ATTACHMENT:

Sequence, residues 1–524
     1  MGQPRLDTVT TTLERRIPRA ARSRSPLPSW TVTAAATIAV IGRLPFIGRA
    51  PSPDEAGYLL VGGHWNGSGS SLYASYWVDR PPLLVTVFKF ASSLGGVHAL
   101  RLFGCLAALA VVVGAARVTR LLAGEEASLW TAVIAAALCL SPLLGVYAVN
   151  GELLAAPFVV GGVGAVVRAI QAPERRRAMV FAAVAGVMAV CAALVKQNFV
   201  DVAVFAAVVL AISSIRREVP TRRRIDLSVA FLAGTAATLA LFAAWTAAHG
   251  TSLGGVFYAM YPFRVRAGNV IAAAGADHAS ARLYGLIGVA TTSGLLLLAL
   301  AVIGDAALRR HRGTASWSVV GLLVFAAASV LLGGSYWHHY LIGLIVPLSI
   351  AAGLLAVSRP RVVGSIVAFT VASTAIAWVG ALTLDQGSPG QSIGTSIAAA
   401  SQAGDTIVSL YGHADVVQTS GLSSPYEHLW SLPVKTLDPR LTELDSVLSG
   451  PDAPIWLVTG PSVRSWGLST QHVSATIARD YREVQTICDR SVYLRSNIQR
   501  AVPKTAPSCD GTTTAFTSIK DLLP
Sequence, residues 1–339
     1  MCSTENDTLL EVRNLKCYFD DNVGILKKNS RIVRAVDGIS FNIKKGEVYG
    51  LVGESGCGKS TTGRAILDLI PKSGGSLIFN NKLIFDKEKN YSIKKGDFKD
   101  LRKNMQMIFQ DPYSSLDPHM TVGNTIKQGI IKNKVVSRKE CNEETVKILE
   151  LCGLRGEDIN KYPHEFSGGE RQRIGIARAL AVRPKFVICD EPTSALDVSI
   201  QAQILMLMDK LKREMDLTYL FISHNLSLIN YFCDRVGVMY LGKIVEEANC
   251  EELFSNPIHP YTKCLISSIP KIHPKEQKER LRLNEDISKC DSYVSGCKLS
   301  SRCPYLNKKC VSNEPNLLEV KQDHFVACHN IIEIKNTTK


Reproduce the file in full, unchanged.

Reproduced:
Sequence, residues 1–524
     1  MGQPRLDTVT TTLERRIPRA ARSRSPLPSW TVTAAATIAV IGRLPFIGRA
    51  PSPDEAGYLL VGGHWNGSGS SLYASYWVDR PPLLVTVFKF ASSLGGVHAL
   101  RLFGCLAALA VVVGAARVTR LLAGEEASLW TAVIAAALCL SPLLGVYAVN
   151  GELLAAPFVV GGVGAVVRAI QAPERRRAMV FAAVAGVMAV CAALVKQNFV
   201  DVAVFAAVVL AISSIRREVP TRRRIDLSVA FLAGTAATLA LFAAWTAAHG
   251  TSLGGVFYAM YPFRVRAGNV IAAAGADHAS ARLYGLIGVA TTSGLLLLAL
   301  AVIGDAALRR HRGTASWSVV GLLVFAAASV LLGGSYWHHY LIGLIVPLSI
   351  AAGLLAVSRP RVVGSIVAFT VASTAIAWVG ALTLDQGSPG QSIGTSIAAA
   401  SQAGDTIVSL YGHADVVQTS GLSSPYEHLW SLPVKTLDPR LTELDSVLSG
   451  PDAPIWLVTG PSVRSWGLST QHVSATIARD YREVQTICDR SVYLRSNIQR
   501  AVPKTAPSCD GTTTAFTSIK DLLP
Sequence, residues 1–339
     1  MCSTENDTLL EVRNLKCYFD DNVGILKKNS RIVRAVDGIS FNIKKGEVYG
    51  LVGESGCGKS TTGRAILDLI PKSGGSLIFN NKLIFDKEKN YSIKKGDFKD
   101  LRKNMQMIFQ DPYSSLDPHM TVGNTIKQGI IKNKVVSRKE CNEETVKILE
   151  LCGLRGEDIN KYPHEFSGGE RQRIGIARAL AVRPKFVICD EPTSALDVSI
   201  QAQILMLMDK LKREMDLTYL FISHNLSLIN YFCDRVGVMY LGKIVEEANC
   251  EELFSNPIHP YTKCLISSIP KIHPKEQKER LRLNEDISKC DSYVSGCKLS
   301  SRCPYLNKKC VSNEPNLLEV KQDHFVACHN IIEIKNTTK